1. Why did the City of Nelson install a Portland Loo Public Restroom?
Ever since the City’s public washroom, at what is now Touchstones, was removed as part of the renovation of that building, many Nelson residents and business owners have lobbied to reestablish a downtown public washroom. Based on this request, City Council wanted to ensure that when the underground water and sewer utility work for Hall Street was being done, that a site was plumbed to allow for a public washroom. A downtown washroom will serve residents and visitors alike, and will take some of the burden off local businesses that make their washrooms available to the public at considerable expense.
2. What is a Portland Loo?
The Portland Loo is a simple, sturdy, flush-toilet kiosk fabricated in Portland, Oregon. Built from heavy gauge stainless steel, the Loo is easy to maintain and can take a lot of abuse. The Loo has a small footprint, allowing it to be located on sidewalks in high-traffic areas. With a tight parking situation in our downtown it was important not to take up parking spots or impact vehicle sight lines. It has been designed specifically to deter vandalism and inappropriate, illegal activity. Louvers on the top and bottom of the Loo allow law enforcement officials to verify if the unit is occupied while still providing privacy for users. The hand washing area is located on the outside of the building. For more info, visit www.theloo.biz.
3. Were other options considered?
Although staff did not do a full costing of constructing a washroom, they did research alternatives. There simply was nowhere to put a washroom other than right on the street, so a traditional washroom building was not feasible. Staff noted that the Town of Smithers chose a Portland Loo for many of the same reasons Nelson did, and they estimated their cost to build a regular washroom would have been $150,000. Our staff estimate that Nelson’s costs would be similar.
4. What are the advantages of the Loo over a conventional washroom building?
There are three main advantages. First, the Portland Loo has an anti-crime design that has proven successful in cities across North America. Second, it can be installed on a sidewalk, meaning the washroom doesn’t need a downtown lot which just isn’t available in our downtown. Third, we anticipate that the Loo’s anti-graffiti design and lack of space heating will result in lower long-term operating costs.
5. How much does it cost?
The Portland Loo cost approximately $140,000. City staff did the installation. The long-term operating and maintenance costs for the Loo has been demonstrated to be lower than for a conventional public washroom building. LED lighting and lack of need for space heating minimizes electricity demand.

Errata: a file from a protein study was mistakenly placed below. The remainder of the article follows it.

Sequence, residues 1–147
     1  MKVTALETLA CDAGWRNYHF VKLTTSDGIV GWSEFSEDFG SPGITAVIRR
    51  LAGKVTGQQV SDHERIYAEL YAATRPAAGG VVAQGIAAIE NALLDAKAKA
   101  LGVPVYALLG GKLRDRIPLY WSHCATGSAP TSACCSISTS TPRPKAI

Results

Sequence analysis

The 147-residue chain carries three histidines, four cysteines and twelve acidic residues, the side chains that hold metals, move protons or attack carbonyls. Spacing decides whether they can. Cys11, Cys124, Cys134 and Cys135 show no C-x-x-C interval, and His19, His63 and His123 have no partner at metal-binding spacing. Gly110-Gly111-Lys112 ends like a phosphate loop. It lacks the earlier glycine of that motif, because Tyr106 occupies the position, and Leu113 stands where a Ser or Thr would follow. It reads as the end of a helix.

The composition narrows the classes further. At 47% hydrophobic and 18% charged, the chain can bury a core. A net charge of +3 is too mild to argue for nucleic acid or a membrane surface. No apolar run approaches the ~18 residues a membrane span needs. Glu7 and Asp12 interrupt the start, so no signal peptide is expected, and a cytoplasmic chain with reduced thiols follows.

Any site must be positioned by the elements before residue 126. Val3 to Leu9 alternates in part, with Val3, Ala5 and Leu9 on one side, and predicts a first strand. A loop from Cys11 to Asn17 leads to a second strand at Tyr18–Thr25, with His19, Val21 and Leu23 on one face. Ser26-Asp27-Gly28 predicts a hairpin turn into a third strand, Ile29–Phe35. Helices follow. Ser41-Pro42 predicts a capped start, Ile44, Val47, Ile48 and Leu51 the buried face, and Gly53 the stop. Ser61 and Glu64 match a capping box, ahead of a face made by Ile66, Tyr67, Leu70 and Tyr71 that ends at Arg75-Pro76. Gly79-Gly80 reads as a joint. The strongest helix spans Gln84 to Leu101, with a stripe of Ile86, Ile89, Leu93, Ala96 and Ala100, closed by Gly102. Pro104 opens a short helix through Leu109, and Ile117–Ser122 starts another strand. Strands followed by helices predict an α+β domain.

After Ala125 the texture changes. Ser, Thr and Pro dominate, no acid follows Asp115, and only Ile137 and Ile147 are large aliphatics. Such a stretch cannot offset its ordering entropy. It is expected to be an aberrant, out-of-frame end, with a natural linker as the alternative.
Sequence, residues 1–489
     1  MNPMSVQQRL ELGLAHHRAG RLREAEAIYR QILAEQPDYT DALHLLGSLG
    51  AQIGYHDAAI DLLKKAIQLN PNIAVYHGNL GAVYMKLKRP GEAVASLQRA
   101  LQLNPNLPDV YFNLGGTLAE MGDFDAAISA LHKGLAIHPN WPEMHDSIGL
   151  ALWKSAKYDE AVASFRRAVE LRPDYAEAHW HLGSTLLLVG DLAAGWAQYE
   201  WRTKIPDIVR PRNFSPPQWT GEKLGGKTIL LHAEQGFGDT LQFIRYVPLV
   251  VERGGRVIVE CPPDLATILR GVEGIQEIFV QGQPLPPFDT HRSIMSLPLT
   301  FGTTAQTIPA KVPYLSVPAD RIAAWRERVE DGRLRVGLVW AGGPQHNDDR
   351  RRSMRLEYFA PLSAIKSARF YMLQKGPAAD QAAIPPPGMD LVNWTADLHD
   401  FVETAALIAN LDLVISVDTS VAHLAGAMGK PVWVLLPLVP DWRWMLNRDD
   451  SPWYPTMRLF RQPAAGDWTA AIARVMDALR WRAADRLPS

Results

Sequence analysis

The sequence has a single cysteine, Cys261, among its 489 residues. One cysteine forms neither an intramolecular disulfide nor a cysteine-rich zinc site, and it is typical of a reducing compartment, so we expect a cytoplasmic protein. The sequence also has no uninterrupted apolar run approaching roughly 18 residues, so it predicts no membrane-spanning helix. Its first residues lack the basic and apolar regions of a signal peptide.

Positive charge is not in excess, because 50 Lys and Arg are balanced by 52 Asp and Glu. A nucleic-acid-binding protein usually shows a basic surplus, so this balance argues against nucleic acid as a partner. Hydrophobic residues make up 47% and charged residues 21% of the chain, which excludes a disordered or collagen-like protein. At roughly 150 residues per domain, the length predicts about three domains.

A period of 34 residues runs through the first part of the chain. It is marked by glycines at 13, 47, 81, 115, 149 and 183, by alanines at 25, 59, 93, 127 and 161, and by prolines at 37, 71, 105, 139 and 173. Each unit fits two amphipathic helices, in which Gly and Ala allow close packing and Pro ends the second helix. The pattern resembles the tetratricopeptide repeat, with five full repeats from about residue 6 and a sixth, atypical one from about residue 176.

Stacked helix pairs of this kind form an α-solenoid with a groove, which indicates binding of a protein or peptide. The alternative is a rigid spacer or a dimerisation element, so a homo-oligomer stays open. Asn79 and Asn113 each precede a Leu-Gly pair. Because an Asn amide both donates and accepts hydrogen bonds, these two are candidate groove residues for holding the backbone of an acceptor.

6. Where is the money coming from?
The cost of purchase and installation was in the 2017 Capital Budget. This was funded from the City’s downtown reserve fund where a small portion of parking meter revenue is targeted to be reinvested in the downtown. Other projects this reserve funds include things like the downtown sculptures. The annual cost of maintenance and operation will be included in the City’s operating budget. Private businesses have long felt they were shouldering this cost.
7. Why didn’t the City shop local?
The Loo is patented, which prevents local manufacturing of the design. The City could have chosen to solicit design proposals from local fabricators, however implementing a unique design for the first time comes with a greater degree of risk. The Portland Loo has been through several prototypes to address design issues and is a product with both a proven track record and a warranty.
8. Have other communities installed this type of washroom?
Yes, the Portland Loo has been installed in over a dozen cities across the United States. Here in Canada, they have been installed in Smithers, Victoria, Nanaimo and Esquimalt. In 2012, the Langley Street Loo in Victoria was voted “Canada’s Best Restroom.”
9. What about cold weather?
The Portland Loo comes with a cold weather kit that allows operation down to -15 degrees Celsius. Based on use, the City will determine what times of the year it will remain open. With our climate it should be able to be open year round, if this is deemed necessary. During the busy summer tourist season, the Loo will be open at 7:00am and closed at 11:00pm in conjunction with other washrooms in our parks.
10. Why Hall Street?
A key consideration with selecting a location for a downtown washroom is the accessibility of city underground utilities, as they require a hook-up to both water and sanitary sewer. Locations such as at Ward and Baker are more challenging as our water and sewer are very deep and not accessible. It was also much more cost effective to create a connection when the water and sewer mains were being replaced on Hall Street as opposed to digging the street up specifically to install a washroom. Based on the success of this washroom, other locations will be considered. The other key consideration was to have it in a visible area to avoid it becoming a place where criminal or other unwanted behavior would occur.